What the Microsoft-LinkedIn deal means for the Middle East | UAE News
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What the Microsoft-LinkedIn deal means for the Middle East

What the Microsoft-LinkedIn deal means for the Middle East

Microsoft announced a $26.2bn acquisition of LinkedIn earlier this week


Microsoft’s acquisition of professional networking site LinkedIn for $26.2bn announced earlier this week came as a surprise to many.

While LinkedIn will continue its operations independently, the deal is hoped to help both the companies collaborate on merging “Microsoft’s professional cloud with LinkedIn’s professional network,” according to Microsoft CEO Satya Nadella.

“Combining the world’s largest professional social network with Microsoft’s vast information worker user base will give Microsoft unprecedented data and insights that can be used to extend and differentiate its Office and Dynamics offerings, build new revenue streams, and, potentially, transform the way people source talent and collaborate in the gig economy and the extended enterprise,” IDC said in a note.

“With 433 million members in over 200 countries and territories, LinkedIn is Microsoft’s biggest bet yet.”

Looking specifically at the Middle East, both the companies have been boosting operations in the region.

Microsoft, which set up an office in Dubai 15 years ago during the launch of Dubai Internet City, has substantially grown its presence in the regional market.

Nadella even visited Dubai in January 2016 when he met with the UAE’s Vice President and Prime Minister and Dubai’s ruler Sheikh Mohammad bin Rashid Al Maktoum.

They discussed ways of collaboration for the emirate’s smart city plans.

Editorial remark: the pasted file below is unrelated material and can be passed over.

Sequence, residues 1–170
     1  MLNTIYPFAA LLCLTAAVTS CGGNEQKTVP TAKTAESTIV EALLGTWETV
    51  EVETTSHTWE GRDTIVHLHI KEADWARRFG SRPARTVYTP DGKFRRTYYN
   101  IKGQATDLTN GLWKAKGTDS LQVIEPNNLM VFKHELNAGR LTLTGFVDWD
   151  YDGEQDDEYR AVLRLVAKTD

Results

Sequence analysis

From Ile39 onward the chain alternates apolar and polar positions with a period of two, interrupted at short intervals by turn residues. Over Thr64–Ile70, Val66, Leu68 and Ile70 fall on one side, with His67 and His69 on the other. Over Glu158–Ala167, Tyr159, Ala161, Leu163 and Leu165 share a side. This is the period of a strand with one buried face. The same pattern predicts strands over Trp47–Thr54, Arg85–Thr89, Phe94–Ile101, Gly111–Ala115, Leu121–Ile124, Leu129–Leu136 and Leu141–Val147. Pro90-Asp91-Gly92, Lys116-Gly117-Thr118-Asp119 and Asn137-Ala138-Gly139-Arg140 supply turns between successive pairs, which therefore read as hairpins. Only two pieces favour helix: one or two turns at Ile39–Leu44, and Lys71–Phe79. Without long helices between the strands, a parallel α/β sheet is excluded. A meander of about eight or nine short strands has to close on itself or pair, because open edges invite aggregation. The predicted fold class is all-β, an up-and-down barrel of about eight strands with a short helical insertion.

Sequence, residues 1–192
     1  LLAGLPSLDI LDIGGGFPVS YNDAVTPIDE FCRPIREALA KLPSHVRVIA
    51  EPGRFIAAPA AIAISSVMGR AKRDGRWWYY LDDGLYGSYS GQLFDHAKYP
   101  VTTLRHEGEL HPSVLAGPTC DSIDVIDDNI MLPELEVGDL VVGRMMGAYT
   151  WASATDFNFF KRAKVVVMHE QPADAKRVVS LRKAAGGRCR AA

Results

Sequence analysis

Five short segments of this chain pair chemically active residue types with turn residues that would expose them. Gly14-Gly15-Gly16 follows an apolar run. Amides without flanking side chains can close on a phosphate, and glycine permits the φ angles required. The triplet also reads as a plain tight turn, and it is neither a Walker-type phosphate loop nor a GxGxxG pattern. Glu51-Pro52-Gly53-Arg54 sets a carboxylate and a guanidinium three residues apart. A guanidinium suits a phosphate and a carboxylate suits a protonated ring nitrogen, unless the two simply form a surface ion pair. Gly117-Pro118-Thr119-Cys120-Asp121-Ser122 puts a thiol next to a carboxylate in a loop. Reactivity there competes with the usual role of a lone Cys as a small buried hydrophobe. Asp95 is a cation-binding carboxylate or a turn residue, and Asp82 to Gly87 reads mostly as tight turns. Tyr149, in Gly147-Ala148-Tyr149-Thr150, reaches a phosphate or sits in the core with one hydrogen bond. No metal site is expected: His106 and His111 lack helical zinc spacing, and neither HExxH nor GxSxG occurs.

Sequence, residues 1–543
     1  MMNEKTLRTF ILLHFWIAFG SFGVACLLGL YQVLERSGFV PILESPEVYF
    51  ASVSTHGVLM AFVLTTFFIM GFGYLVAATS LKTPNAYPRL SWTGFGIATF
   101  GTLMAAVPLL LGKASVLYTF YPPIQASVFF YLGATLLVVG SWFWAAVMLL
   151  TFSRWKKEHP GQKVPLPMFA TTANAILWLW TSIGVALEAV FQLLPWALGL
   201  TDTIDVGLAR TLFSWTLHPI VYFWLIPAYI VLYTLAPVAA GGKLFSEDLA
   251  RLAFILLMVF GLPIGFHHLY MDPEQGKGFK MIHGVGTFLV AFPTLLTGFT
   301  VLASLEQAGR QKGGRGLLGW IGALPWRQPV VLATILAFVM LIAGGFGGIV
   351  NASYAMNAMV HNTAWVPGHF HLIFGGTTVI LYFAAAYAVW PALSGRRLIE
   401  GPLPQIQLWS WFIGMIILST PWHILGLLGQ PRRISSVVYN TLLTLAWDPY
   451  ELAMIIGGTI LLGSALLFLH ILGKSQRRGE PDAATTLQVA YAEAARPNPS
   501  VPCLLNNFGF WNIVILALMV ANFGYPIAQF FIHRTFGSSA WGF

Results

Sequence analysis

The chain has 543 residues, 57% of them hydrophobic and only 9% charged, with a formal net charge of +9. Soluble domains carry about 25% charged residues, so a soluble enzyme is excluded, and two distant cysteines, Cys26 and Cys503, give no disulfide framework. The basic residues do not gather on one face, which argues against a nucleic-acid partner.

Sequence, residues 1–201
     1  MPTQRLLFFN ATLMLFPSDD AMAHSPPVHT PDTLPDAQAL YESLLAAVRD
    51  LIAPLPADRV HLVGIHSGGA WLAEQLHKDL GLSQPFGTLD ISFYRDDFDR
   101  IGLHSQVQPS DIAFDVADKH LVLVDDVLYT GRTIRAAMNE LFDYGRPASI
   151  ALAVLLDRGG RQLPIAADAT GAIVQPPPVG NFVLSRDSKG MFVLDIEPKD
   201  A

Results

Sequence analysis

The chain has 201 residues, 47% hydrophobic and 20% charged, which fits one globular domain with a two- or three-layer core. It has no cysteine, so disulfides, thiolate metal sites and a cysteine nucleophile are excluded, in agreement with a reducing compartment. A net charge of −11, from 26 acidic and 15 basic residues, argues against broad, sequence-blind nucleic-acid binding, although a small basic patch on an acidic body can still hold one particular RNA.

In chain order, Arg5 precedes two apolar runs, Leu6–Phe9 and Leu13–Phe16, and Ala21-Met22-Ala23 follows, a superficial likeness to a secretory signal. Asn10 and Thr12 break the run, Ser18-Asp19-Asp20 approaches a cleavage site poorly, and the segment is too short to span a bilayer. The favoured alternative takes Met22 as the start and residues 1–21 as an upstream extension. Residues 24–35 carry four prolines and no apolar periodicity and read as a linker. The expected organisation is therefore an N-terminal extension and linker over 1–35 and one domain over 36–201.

Read more here: Dubai’s ruler meets Microsoft CEO Nadella, discusses smart city plans

Meanwhile LinkedIn, which opened its first regional office in Dubai in 2012, has also reported strong regional growth. MENA user numbers have increased from five million in 2012 to 17 million members in 2015.

The company’s workforce has also increased from six employees to more than 90 in the same period.

Also read: LinkedIn Launches In Arabic, Hopes to Increase MENA Presence

“The Microsoft LinkedIn acquisition creates a whole new set of offerings for the technology company to pursue in the Middle East,” explained senior research manager of Software at IDC Middle East, Turkey and Africa Megha Kumar.

“This creates more opportunities for Microsoft to pursue with organisations in the Gulf. Firstly, it allows Microsoft to provide customers with an entire social business stack – since it will allow them to address the needs of end –user customers and employees as well.

“The second most common use of social business engagement in the Middle East highlighted by CIOs in the region has been around improving employee collaboration and engagement.”

Microsoft will also benefit from LinkedIn’s ‘Sponsored Content’ space by enhancing its business to business marketing offering.

“This allows Microsoft to provide a whole new set of ad revenues in addition to search ad revenues from Bing,” she said.

The company will also gain access to vast amounts of data, allowing it to provide analytics to customers and improve the access and provisioning of information to users, Kumar added.


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